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Dirty Paws Time

Always a pain pulling fork tubes, I have never had the pleasure of a pair coming out easily in a vintage Honda. I have found a flat spot in the steering stem, so I will have to go in and check the balls and races. Ran out of time today so I will have to wait to see if a set of tapered bearings will be in the future. I know the 37 little escapees make a run for it. My solution, hang a five gallon bucket over the stem before breaking them free....


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Balls are home

Balls and races look good, just dry. Cleaned and repacked, good movement with preliminary adjustment. My tip for re-install, seat the bottom 19 balls in the lower part of the steering stem with grease. Insert very carefully and have a zip tie ready to hold it in place while you do the top set. Looks like both fork ears are going to need patching, slight rust through near the reflectors. I also took the opportunity to lay some frame paint while everything was out of the way....


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About Half Way Maybe

Seals done, good rebound and no leaks. New front tire on a cleaned wheel, I went the K70's since they were on sale at Dennis Kirk, both front and rear will be stock sizes. Fork ears repaired and given a little shine. Just need to make the bike a roller again and get some garage room. When you get about mid way in a project, it always seems for every one thing you repair, at lease four more pop up. The good thing, hand mounting a new tire and tube in the cold months with no pinches, I consider that a victory....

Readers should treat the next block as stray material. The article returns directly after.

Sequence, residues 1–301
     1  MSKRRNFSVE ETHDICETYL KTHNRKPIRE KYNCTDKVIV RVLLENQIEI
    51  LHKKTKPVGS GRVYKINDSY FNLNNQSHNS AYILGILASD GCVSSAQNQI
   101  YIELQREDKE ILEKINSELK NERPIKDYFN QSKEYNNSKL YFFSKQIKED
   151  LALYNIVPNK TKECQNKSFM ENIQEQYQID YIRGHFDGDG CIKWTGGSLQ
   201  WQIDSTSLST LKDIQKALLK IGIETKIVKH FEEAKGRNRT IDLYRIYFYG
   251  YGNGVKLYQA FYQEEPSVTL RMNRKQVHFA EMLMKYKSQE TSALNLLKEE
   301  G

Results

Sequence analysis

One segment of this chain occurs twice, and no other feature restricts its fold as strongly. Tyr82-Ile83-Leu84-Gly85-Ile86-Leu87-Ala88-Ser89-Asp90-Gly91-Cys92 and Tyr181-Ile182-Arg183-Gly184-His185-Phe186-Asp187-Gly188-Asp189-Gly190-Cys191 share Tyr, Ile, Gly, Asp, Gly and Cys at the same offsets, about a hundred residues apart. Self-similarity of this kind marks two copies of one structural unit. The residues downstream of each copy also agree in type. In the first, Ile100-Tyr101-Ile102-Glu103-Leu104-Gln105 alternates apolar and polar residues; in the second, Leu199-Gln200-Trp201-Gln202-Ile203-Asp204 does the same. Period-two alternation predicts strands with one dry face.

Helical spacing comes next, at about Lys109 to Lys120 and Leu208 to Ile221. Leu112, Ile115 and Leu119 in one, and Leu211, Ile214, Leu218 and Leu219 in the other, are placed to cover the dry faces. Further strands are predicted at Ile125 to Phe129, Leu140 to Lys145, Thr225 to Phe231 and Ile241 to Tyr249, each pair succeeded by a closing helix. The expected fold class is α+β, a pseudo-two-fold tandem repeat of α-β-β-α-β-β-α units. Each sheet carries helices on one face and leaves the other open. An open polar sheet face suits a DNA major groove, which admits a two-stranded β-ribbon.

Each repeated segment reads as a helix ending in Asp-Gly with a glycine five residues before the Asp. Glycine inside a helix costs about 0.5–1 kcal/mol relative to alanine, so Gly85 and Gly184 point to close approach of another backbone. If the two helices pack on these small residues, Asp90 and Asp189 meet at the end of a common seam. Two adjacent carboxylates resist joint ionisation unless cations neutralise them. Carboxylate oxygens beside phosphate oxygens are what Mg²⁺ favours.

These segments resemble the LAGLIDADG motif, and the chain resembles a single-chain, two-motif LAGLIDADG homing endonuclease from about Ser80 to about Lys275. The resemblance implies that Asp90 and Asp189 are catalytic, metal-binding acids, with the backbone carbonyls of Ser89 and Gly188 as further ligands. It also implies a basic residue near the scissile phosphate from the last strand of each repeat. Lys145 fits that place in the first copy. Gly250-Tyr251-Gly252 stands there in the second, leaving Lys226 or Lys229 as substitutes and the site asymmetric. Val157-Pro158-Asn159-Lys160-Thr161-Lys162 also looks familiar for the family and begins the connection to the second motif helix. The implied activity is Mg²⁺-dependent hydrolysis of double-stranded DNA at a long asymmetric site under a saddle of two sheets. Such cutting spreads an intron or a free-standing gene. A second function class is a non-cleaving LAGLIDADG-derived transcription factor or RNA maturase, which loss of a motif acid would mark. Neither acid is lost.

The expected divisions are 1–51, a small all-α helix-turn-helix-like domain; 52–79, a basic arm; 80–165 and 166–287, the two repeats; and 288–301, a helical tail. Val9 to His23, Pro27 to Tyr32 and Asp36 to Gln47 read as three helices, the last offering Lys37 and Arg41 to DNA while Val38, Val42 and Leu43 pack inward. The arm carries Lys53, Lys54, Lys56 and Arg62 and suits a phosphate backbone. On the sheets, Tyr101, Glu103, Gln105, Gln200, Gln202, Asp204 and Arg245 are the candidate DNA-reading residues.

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I can see clearly now

We have two good coats of 2K clear on the tins. Lets the patina, AKA rust, scratches, and dings show through. Also have a headlight and front turns back on, the wire ball of spaghetti went back in the bucket and damned if everything doesn't still work....


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Yes we do need those "Stinking Badges"

Front braking system done with completely new with repo parts. Also the new repo seat from 4 into 1 arrived and I am very satisfied with the product, one small imperfection on the front corner I can live with. I think I may end up keeping this bike, that means something else has to go and therein lies the problem....


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Rear Wheel Bearing Retainer Ring What an SOB

I used every approach I could find on You Tube, went through every posting on all my sites I use for advice, but what a fight to get that $#&*@ out of there. It was tapped for 6MM and bolts inserted with a pry bar, I made a tool, heat and WD40 and it finally gave up its home only after using a hammer and punch and then it was just a fraction of an inch every strike. A replacement is on order along with new bearings, so I will be cleaning up the frame, chain guard, and shocks while waiting. Of all that is involved in bringing one back, I hate wheel bearing replacement the most.....